Tuesday, February 10, 2009

Mt. Gilboa: Shoulda Brought my Snowshoes (And some climbing gear)

Mt. Gilboa

February 8, 2009

Distance: 13 miles
Location: Somerville & Arlington, MA
Sights: Minuteman, Puddles, & Mt. Gilboa Conservation Area
Difficulty: Easy (except climbing the cliff

It seemed odd that it was dangerous since I had brought my proper climbing gear – Reebok running shoes and my bike gloves. About halfway up the icy cliff I realized this might have been a bad idea. The foothold above me was sketchy, at best; and, there was no way down. I had no choice but to scramble to the top from here.

The cliff I was climbing was Mt. Gilboa, in Arlington, MA. Its namesake is a hill in the Jezreel Valley of Israel. It was here (in Israel not Arlington) that Saul lost his battle with the Philistines, and, “therefore Saul took his own sword and fell upon it” (1 Samuel 31:5). Gilboa is also known for its distinctive irises, which grow only on its ridge.

Once I had struggled to the top, there were no irises in the winter snow (and, fortunately found no Philistine heavy infantry). I did find two things though. First, there was a great view of downtown. Then I looked over and found an easy path up the side of the hill. Apparently, I risked my life for nothing.

Easy Trail up Gilboa

Sunday was a brief Indian Summer – 45 F and sunny. It was a perfect excuse to take out my new bike, Schwarzfahrer on its first long ride. Literally “Schwarzfahrer” means “black-rider in German. The color of the Trek FX 7.1 is black; therefore, it makes sense. But, idiomatically, it means a person who rides the subway without paying his fare. Thus, when I commute to work with it – I’m a “Schwarzfahrer.”

So, I set out on my bike planning to ride the Minuteman into Bedford and then the Narrow-Gauge Trail to Billerica. The total ride was to be 31 miles. The Minuteman is the jewel of the Rails-to-Trails in Eastern Mass. It’s 11 Miles from Alewife Station to Bedford Depot. Along the way one can stop in Arlington Center and at the site of the Battle of Lexington. The Narrow-Gauge Trail, I’ve never ridden and this seemed like a good time to explore it.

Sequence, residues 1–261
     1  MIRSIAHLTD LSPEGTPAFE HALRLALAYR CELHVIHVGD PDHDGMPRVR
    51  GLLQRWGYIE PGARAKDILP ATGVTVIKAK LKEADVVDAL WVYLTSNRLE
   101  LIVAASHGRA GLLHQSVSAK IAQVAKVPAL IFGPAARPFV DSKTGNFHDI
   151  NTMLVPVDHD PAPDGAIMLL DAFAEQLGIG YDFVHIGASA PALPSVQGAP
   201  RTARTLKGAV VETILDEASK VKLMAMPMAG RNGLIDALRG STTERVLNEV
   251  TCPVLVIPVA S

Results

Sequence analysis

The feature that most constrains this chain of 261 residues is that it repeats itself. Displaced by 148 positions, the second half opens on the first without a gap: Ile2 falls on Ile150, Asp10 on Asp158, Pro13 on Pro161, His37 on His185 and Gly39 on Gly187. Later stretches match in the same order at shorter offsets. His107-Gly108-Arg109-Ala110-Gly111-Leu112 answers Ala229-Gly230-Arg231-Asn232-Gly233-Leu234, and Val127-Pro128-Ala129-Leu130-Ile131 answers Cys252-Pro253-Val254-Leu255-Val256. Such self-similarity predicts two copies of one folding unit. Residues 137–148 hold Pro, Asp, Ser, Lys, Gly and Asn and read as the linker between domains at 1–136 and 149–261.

The Indian Summer had caused one major issue – melting. The two feet of snow we’d gotten in the past three weeks became puddles on the trail. Between Alewife I found one 60 feet long and about 6 inches deep. Then some points of the puddle weren’t even puddles but ice hidden under a thin layer of water. At points Schwarzfahrer was not a ride but a poor icebreaker. In front of the Bike Stop (The Bike shop on the Minuteman), it was another 30 foot-long puddle of ice!

Ice Sheet in Front of the Bike Stop

For better or worse, I fought through each of these spots – mostly for worse. But at Bow Street the town stops plowing the Minuteman. Indian Summer or not, There was still a foot and a half of snow on the rest of the trail. So, I removed myself to the road. At this point, I had no clear idea where to go. I meandered the streets of Arlington – taking the most challenging hills I could find.

This eventually led me to the Mt. Gilboa Conservation Area. I dismounted Schwarzfahrer and started walking down the trail. About halfway across the park I saw it. There was the cliff I had to climb! After that adventure, I was wet and tired. So I rode back to Davis, hit the Mexican place and went home to watch the stupid Pro Bowl and eat a quesadilla.

View from atop Cliff

Map of Ride

Monday, February 2, 2009

Yurtin' for Certain: Or, Jamming on the Yurt! (1/3 - 1/4/2009)

Yurtin group

The Nissan Maxima sputtered a bit climbing higher and higher up the Kancamagus Highway between Conway and Lincoln. Coming the other way, skiers in luxury SUVs and various other vehicles crawled down the icy road leaving Loon Mountain. Jim commented, “I’m definitely going to build my own yurt.”

“Well, you’ll need plenty of musk-ox hide,” is all I could think to comment.


“Yeah, I think the Mongol’s yurt walls were made of musk-ox hide.”

With a laugh Jim responded, “If I see a musk-ox, I definitely get its hide.”

You’re probably thinking one of two questions – if not both: “What the **** is a yurt?”; and/or “Why the hell were you guys talking about yurts?” To the first question, a yurt is the western name for the portable hut the Mongols and Turkics of Central Asia used. The walls are made of felt from sheep fleece that are stretched over a frame of willow. (Notice, it’s not musk-ox at all. As a matter of fact there are no must-ox in Asia; maybe I was thinking of yaks?) They have slightly pitched roofs with an opening in the center to allow the smoke from the hearth to escape. The Tang dynasty poet Bai Juyi went North on a diplomatic mission and was deeply impressed by the relative luxury and the ability of the dwelling to withstand the varying weather of the Mongol Steppe.